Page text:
What constitutes cyber bullying or online harassment?
Internet users often find that some social media posts and messages can be upsetting, distasteful or express an unpopular view but it does not necessarily mean that it is a criminal offence. If you have reported cyber bullying or harassment to North Yorkshire Police and we consider it to be potentially criminal, we will take appropriate action.
In cases where a criminal offence is caused, we will look at the situation as a whole and speak with the Crown Prosecution Service to determine whether or not a prosecution is fair.
Police and prosecutors will take into consideration whether it is in the public interest to pursue the case, how vulnerable the victim is and what resources are required to trace the offender via social networking sites that often operate abroad and to different legislation.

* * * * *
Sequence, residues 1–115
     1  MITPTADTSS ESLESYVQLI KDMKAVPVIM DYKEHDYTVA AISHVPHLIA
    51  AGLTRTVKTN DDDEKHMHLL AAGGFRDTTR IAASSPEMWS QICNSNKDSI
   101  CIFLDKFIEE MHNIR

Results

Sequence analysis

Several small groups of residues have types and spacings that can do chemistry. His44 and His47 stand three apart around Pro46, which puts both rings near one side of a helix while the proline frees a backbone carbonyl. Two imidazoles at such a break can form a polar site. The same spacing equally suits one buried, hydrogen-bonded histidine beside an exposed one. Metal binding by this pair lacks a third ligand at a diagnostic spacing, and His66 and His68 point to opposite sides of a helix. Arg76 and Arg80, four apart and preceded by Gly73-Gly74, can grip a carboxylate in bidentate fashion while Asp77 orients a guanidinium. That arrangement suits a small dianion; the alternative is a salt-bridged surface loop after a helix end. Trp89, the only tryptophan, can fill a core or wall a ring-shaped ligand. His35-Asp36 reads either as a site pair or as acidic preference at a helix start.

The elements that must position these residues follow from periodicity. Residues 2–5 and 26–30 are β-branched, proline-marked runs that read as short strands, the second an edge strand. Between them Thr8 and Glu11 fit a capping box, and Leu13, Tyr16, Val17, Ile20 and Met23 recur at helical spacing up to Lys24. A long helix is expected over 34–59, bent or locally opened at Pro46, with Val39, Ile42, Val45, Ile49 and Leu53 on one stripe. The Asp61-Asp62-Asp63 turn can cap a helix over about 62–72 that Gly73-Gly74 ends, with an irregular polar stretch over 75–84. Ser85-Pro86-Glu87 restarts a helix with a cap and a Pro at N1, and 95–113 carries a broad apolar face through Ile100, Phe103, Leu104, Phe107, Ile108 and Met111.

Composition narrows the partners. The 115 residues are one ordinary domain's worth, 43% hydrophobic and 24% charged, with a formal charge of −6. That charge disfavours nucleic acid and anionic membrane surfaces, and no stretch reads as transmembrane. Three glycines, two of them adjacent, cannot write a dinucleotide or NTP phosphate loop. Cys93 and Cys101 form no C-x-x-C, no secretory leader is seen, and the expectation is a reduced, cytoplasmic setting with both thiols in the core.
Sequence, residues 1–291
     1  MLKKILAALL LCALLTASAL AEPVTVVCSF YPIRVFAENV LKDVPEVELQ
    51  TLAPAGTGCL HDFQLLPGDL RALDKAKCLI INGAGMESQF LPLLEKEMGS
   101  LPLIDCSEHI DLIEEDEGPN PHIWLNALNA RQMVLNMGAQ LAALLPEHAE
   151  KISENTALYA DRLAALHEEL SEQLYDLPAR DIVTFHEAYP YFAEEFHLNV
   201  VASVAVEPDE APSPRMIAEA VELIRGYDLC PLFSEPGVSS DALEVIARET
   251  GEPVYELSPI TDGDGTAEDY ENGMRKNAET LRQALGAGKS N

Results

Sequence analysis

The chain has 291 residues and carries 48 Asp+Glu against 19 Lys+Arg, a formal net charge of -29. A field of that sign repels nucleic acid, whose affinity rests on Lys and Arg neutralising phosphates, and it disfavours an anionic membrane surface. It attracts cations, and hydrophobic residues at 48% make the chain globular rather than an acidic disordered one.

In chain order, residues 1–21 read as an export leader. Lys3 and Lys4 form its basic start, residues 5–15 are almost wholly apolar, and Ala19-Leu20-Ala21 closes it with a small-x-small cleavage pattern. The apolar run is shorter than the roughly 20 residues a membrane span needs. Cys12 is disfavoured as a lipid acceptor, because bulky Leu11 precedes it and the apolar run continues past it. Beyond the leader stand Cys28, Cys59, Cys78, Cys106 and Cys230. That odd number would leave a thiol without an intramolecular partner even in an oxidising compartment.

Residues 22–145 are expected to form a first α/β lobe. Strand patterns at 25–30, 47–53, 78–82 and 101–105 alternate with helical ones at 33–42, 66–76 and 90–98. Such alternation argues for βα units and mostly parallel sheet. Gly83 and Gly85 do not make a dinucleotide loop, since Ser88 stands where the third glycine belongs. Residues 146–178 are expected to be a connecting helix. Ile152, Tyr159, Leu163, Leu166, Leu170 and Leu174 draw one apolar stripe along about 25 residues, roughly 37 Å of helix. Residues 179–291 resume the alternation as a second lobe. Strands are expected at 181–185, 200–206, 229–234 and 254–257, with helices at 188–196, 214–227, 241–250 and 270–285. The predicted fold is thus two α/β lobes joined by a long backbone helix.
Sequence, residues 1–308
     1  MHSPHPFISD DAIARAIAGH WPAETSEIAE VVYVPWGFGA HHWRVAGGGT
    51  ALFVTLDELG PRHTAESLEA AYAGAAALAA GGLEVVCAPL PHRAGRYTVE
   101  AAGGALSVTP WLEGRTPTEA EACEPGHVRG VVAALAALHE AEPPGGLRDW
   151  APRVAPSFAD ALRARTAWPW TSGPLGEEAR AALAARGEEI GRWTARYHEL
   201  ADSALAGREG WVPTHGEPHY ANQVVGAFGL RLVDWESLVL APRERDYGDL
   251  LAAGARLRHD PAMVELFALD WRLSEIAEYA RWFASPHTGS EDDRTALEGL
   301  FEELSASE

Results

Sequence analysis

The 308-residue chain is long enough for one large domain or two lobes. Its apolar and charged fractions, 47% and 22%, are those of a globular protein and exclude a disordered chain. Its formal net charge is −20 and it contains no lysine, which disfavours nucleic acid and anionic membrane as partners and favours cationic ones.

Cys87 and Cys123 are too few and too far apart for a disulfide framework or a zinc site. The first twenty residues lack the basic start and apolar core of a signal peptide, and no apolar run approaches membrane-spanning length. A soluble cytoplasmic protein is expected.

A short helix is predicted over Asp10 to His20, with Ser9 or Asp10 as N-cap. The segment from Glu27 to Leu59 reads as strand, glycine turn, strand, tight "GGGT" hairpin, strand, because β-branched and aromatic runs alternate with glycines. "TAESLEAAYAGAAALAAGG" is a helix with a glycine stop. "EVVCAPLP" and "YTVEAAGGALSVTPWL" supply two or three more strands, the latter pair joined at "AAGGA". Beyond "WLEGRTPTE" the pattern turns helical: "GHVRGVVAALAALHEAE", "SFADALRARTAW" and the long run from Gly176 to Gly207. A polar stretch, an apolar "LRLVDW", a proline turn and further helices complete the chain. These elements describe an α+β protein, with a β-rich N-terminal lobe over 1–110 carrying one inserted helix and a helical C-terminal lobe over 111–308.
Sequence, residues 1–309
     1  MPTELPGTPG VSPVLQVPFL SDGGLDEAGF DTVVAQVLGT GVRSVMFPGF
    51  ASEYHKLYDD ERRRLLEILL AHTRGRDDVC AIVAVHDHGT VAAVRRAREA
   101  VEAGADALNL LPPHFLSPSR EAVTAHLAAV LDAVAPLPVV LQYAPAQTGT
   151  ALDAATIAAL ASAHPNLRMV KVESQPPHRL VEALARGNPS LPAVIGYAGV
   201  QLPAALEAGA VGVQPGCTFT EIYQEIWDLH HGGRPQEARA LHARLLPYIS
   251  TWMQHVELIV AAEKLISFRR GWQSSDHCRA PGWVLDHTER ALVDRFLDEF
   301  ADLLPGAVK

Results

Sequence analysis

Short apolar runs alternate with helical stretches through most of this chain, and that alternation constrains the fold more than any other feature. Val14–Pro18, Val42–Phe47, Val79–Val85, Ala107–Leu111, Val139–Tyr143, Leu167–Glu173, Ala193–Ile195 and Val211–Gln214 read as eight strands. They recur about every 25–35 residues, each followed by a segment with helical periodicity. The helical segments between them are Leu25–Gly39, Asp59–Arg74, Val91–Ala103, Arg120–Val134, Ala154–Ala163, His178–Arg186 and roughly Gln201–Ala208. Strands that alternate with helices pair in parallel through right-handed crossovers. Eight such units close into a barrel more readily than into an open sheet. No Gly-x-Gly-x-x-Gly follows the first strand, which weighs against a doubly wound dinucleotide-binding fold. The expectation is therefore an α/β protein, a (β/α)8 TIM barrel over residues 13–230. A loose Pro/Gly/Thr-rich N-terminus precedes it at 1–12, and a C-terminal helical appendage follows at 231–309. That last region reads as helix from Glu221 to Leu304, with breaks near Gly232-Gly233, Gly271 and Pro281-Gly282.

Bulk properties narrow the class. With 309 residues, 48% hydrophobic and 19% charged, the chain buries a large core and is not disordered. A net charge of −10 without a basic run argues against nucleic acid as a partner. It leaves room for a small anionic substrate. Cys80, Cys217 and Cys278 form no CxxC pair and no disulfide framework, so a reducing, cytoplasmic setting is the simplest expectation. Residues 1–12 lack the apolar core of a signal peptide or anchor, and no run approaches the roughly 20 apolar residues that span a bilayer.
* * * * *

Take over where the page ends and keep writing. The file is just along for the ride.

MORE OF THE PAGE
Regular offensive or abusive messages on social media or elsewhere can be classed as a form of stalking or harassment. If you are being stalked or harassed keep a record of the messages and as much information as you can about who sent them and when.
The NSPCC has a selection of guidance and resources on cyber bullying.
The Crown Prosecution Service has created a guide which sets four categories that prosecutors should review when making decisions in relation to whether a criminal offence has been committed.
- Credible threats (to a person’s life or safety or property)
- Communications targeting specific individuals (including persistent harassment and ongoing abuse)
- Breach of court orders (for example identifying people protected by law)
- Communications which are grossly offensive, indecent, obscene or false
You can find more information at:
- Crown Prosecution Service’s guidelines on prosecuting cases involving communications sent via social media
- National Stalking Helpline – www.stalkinghelpline.org